Re: Is Andy in a slump?
Ryan, did you see what T-Dent said about Andy and this topic? I'll repost it.
Q. Can you assess Andy's game? Did he get too much too soon?
TAYLOR DENT: Everybody has a little slump every so often. This may be Andy's, this may not be Andy's; I don't know. Obviously, Lleyton had his slump a couple years ago. So, you know, it's nothing to worry about. It's nothing to even, you know, nod your head about. He's still 3 or 4 in the world ‑ I don't know what he is right now ‑ but, gosh, that's darn good. He's always competing for titles. Last week he was in the semis of one of the strongest tournaments in the world.
If he's dropped off at all, it's a hair and it will easily come back.
Q. From where you sit (inaudible)?
TAYLOR DENT: I don't know. It's a tough question because the way I look at it is how do you hold serve? In men's tennis, I think that's the biggest thing. How Andy holds serve and 99% of the guys out here, they hit a big first serve or a nice second serve, and they rip a short forehand. You know, either the guy doesn't get it or they're coming in and hooking a volley off like that. That's how Andy is at his best.
So I think that he may be an all‑around player if he learns to come in more, but I think he'd be a worse player for it.
Q. You know him well. If the worst‑case scenario turns out to be true and Federer is just one of those immortals and Andy never again is No. 1 and never again is a guy out there winning more than just an occasional major here and there, is he satisfied with that career?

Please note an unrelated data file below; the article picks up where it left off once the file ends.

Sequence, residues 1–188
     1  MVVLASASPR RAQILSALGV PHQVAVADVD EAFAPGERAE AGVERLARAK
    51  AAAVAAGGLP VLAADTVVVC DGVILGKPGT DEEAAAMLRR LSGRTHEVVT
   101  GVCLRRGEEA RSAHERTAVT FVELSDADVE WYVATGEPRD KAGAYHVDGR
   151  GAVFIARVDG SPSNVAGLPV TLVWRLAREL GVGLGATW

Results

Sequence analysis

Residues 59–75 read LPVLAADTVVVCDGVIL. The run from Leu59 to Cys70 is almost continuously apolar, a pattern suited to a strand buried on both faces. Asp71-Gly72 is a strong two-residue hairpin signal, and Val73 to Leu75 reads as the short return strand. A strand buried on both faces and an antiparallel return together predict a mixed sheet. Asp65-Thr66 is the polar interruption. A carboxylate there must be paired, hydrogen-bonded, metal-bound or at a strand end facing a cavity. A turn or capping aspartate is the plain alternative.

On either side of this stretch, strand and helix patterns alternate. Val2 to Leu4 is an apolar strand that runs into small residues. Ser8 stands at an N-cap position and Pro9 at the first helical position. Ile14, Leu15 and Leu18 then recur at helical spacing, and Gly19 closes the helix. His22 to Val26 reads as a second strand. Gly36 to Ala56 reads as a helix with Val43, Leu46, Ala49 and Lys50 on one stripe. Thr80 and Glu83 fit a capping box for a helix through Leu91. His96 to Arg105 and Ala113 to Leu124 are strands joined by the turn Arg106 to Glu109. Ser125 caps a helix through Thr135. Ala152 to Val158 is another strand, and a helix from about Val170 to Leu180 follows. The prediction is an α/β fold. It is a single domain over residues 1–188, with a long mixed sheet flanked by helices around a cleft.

TAYLOR DENT: I don't ‑‑ geez, I never talk to Andy about that. We don't talk about tennis all that much. But I'd have to say no. I don't think anybody's really satisfied with that. I mean, you want to go out there and you want to win every week; that's what we're here playing for. I mean, although it may not happen now, you're always saying, "Okay, let's plan it out, how am I going to get to that point?"
So like you say, if Andy is dominated by Federer and a couple other guys, then I'd say, yeah, he'd be a little disappointed.
Q. Because he knows what it's like to be No. 1?
TAYLOR DENT: Yeah, he's tasted it. I'm sure if you had him on the couch, he'd say he honestly believes ‑ and everybody else does as well ‑ that he can be and has the potential to be No. 1, winning Slams all the time.
Q. Do you think part of Federer's edge with Andy is how he handles Andy's first ground stroke?
TAYLOR DENT: The matches I've watched those two play is Federer wins an awful lot of baseline points ‑ I mean, an awful lot. Normally when you're playing at this high level, it's like 55/45, 60/40 at worst, but Roger just seems to win a lot. I wouldn't dare to guess a percentage, but it's high.
Q. When you talk about holding serve by hitting that first hard forehand ground stroke...
TAYLOR DENT: Yeah, it just seems like a typical point would be Andy hit a bomb first serve, Federer would float it back deep, Andy would rip the first ball, and then Roger would fight off that one, maybe another one, and then the point kind of starts even and then Roger just ‑‑ I mean, in my opinion, he's got the best forehand in the game. Once he gets hold of a forehand, he's got Andy on the defensive. When you are on the defensive on your own serve, it's not a good sign.